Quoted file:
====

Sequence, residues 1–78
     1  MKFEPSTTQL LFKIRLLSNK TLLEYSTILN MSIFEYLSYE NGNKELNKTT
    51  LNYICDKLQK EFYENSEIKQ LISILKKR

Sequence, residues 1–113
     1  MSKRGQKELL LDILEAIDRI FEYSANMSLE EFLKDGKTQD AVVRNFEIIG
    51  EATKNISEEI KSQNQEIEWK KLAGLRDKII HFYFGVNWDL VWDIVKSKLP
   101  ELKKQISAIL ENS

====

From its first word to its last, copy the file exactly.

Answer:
Sequence, residues 1–78
     1  MKFEPSTTQL LFKIRLLSNK TLLEYSTILN MSIFEYLSYE NGNKELNKTT
    51  LNYICDKLQK EFYENSEIKQ LISILKKR

Sequence, residues 1–113
     1  MSKRGQKELL LDILEAIDRI FEYSANMSLE EFLKDGKTQD AVVRNFEIIG
    51  EATKNISEEI KSQNQEIEWK KLAGLRDKII HFYFGVNWDL VWDIVKSKLP
   101  ELKKQISAIL ENS